Testing and evaluation of component made using electron beam melting and Alloy 718 powder
Abstract: The aerospace industry is constantly striving to becoming more economical and environmentally friendly. One of many efforts to achieve this is the Lightcam project which in this case is evaluating the use of additive manufacturing in the form of electron beam melting in conjunction with the nickel-based superalloy, Alloy 718. This combination is not fully explored and examined. For this purpose, a demonstrator vane was produced and it was subsequently evaluated in this thesis. The evaluation was performed in as-built condition and was divided in non-destructive testing, evaluation of these methods and metallographic review to confirm the results, and potentially revealing more properties. The non-destructive testing was performed using conventional radiography and computed tomography. Both methods struggled to deliver complete and reliable results, for varying reasons. Radiography could deliver results of the whole vane, but these were impossible to evaluate due to the rough surface created by the electron beam melting process. The computed tomography on the other hand was not affected by the rough surface and produced usable, though not complete, results of the vane. The reason for the computed tomography’s inability to deliver complete results was the material, varying thickness and complex geometry of the vane. As a complement and to verify the results from the non-destructive testing, a metallographic examination was conducted. These tests were conducted with the aim of answering the following three questions: What non-destructive testing methods are suitable to evaluate Alloy 718 components manufactured with electron beam melting? - Neither radiography nor computed tomography are suitable as a sole evaluation method, for various reasons. All surface dependent methods were deemed unsuitable without testing due to the rough surface. What types of defects and in what quantity can they be found in the produced vane? - Defects found are: Porosity and lack of fusion, both found as internal and partially external and in varying sizes. Where are the defects located? - Pores are mainly found in the center of sections modeled to a 3mm thickness. Lack of fusion was found between build layers in all thicknesses. Apart from these results, hardness was found to vary depending on build height, increasing from the bottom towards the top. Microstructure was also found to vary with the build height, but always consisting of either equiaxed or columnar grains.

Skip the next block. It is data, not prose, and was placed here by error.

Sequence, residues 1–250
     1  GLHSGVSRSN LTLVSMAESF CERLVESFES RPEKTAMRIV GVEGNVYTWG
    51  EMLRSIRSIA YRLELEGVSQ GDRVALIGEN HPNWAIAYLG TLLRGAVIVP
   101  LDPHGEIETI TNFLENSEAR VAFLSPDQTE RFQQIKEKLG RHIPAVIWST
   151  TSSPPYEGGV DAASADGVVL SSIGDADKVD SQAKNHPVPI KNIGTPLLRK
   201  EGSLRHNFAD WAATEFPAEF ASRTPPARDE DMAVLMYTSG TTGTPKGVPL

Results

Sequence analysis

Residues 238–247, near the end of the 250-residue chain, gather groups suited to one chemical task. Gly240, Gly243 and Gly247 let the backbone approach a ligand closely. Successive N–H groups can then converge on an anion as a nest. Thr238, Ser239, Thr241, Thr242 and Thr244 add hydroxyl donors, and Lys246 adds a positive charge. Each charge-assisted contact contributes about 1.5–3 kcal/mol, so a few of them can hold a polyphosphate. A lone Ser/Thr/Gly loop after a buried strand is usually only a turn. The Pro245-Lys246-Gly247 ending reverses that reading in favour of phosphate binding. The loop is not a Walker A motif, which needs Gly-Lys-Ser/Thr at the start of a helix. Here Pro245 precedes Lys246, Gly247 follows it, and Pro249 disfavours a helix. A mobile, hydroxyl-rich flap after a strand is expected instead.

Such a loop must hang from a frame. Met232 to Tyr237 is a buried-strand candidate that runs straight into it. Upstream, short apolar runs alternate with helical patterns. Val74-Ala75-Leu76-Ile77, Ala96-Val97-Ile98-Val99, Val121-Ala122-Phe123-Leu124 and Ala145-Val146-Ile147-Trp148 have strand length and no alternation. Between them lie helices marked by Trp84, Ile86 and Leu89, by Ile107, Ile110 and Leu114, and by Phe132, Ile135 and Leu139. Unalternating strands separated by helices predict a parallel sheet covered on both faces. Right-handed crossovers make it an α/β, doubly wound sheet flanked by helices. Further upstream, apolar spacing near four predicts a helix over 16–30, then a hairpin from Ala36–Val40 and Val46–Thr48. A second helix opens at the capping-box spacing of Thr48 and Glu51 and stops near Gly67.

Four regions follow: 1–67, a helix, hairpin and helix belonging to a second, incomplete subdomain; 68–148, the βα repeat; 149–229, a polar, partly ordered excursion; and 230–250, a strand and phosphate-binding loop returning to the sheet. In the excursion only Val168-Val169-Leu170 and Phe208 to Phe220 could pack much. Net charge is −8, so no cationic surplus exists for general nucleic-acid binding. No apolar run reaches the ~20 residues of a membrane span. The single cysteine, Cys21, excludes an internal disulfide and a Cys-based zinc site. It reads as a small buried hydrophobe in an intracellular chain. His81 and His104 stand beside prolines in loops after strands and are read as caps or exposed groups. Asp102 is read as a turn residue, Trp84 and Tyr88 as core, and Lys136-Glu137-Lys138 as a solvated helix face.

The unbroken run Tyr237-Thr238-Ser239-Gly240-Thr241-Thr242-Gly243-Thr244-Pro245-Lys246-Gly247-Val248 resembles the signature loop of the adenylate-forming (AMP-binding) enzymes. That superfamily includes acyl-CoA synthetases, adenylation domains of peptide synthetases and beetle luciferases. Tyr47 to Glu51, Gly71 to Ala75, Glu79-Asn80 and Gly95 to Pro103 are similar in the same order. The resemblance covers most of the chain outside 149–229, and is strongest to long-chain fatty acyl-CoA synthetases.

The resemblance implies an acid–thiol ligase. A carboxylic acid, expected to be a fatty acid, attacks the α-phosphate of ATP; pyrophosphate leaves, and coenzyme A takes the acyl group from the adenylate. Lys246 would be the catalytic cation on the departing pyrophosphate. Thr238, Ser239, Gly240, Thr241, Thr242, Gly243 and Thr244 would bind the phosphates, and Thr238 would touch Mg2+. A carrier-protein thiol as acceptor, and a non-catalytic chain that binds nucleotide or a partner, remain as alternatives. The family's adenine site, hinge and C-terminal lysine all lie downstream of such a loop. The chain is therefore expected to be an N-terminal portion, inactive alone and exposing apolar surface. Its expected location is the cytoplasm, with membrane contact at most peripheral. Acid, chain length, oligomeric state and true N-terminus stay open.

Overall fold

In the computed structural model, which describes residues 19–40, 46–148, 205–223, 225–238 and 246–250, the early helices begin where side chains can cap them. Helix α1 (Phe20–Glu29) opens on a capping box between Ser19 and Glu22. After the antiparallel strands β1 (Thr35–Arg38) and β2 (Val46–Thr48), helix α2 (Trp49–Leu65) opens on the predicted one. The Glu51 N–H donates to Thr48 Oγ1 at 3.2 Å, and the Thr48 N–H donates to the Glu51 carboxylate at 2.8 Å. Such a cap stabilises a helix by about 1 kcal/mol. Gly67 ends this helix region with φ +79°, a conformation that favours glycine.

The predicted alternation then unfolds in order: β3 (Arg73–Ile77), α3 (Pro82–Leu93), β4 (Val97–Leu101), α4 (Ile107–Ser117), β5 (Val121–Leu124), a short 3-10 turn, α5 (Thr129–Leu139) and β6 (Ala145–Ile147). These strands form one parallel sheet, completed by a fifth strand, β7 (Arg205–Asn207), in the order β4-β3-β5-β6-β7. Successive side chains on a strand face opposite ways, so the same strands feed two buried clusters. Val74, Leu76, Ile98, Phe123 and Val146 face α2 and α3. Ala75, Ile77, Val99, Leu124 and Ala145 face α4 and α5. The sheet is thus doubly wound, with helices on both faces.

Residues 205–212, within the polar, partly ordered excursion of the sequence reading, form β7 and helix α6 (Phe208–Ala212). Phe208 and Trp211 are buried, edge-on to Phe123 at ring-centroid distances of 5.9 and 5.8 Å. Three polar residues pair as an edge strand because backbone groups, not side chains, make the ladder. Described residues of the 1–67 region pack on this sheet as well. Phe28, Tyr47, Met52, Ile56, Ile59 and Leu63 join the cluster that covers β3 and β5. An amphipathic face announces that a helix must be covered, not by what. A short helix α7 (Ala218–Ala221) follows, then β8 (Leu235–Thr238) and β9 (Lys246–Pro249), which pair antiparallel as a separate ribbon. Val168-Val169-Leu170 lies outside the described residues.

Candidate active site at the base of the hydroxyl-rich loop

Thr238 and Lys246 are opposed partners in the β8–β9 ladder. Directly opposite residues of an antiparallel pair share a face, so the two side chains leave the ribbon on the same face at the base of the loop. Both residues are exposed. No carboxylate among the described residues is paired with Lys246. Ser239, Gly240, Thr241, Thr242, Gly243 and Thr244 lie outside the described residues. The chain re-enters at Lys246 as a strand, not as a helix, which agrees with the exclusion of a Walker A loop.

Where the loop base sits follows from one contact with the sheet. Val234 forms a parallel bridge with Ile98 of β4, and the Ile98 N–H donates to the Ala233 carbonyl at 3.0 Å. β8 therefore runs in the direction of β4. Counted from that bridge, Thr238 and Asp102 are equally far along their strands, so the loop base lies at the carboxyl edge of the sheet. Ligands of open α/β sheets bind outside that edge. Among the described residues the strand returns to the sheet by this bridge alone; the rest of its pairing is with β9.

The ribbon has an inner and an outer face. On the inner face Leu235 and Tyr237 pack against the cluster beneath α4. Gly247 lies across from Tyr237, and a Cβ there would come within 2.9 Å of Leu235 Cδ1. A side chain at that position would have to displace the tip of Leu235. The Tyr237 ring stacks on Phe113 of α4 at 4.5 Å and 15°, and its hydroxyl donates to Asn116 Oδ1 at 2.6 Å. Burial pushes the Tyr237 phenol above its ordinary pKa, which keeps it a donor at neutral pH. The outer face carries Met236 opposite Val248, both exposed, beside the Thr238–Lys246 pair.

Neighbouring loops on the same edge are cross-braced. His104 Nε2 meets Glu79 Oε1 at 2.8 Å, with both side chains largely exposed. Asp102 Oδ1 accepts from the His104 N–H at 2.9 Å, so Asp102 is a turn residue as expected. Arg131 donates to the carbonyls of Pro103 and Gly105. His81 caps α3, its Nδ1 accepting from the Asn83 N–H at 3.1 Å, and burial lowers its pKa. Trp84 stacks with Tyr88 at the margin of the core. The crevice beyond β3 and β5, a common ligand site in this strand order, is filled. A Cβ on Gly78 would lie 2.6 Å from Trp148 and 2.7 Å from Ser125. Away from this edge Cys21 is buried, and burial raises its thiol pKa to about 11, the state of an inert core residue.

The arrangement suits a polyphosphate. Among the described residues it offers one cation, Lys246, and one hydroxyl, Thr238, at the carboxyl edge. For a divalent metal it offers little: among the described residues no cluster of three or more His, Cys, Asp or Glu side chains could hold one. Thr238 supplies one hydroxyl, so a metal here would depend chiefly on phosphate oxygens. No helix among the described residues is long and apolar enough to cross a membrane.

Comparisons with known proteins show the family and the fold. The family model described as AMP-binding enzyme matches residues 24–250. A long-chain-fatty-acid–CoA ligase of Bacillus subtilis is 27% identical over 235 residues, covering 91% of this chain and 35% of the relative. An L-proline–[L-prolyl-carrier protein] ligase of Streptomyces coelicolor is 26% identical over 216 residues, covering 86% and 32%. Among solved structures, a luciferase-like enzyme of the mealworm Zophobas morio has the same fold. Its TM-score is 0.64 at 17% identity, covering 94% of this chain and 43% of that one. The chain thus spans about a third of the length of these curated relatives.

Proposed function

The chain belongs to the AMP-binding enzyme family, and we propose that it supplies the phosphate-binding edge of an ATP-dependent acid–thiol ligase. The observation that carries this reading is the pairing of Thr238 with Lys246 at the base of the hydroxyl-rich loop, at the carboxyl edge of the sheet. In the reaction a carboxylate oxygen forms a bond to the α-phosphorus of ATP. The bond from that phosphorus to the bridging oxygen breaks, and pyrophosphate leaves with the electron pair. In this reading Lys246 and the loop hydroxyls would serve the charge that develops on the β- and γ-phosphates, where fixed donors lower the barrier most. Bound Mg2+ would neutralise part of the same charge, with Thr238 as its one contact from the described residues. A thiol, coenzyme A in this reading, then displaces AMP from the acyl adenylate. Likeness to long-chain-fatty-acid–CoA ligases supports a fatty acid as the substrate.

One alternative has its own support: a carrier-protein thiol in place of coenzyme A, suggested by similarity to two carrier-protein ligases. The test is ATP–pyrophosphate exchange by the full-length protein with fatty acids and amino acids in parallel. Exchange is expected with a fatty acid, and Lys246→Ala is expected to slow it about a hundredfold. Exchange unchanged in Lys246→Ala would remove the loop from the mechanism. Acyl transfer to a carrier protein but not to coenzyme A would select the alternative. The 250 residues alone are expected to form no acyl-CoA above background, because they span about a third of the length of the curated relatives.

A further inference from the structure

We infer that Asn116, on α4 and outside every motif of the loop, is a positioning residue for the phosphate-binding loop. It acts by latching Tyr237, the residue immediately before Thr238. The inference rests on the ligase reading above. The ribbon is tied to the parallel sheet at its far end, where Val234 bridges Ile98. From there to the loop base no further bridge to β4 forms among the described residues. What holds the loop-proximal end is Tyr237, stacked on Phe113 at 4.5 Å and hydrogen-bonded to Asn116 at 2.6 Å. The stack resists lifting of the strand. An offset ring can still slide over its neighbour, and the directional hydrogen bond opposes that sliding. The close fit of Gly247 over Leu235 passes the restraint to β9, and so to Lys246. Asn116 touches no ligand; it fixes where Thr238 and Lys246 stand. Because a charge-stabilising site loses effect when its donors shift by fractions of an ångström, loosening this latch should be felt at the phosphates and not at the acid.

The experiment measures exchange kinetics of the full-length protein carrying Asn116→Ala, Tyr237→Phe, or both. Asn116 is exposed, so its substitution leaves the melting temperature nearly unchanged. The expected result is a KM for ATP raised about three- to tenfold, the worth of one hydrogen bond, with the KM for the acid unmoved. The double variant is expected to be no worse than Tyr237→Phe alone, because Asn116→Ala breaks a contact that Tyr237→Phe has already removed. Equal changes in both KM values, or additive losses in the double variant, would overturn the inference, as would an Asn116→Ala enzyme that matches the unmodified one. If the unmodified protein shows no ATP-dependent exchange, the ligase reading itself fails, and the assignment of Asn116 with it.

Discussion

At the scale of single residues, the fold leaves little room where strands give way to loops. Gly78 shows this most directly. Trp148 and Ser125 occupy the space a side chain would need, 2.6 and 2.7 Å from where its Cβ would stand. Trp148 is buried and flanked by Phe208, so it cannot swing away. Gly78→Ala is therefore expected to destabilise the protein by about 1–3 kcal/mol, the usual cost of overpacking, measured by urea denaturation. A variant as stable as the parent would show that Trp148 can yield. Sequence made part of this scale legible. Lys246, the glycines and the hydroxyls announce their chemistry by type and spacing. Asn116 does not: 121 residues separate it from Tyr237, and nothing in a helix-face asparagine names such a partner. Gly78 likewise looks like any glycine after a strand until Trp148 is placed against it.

AT THIS PAGE YOU CAN DOWNLOAD THE WHOLE ESSAY. (follow the link to the next page)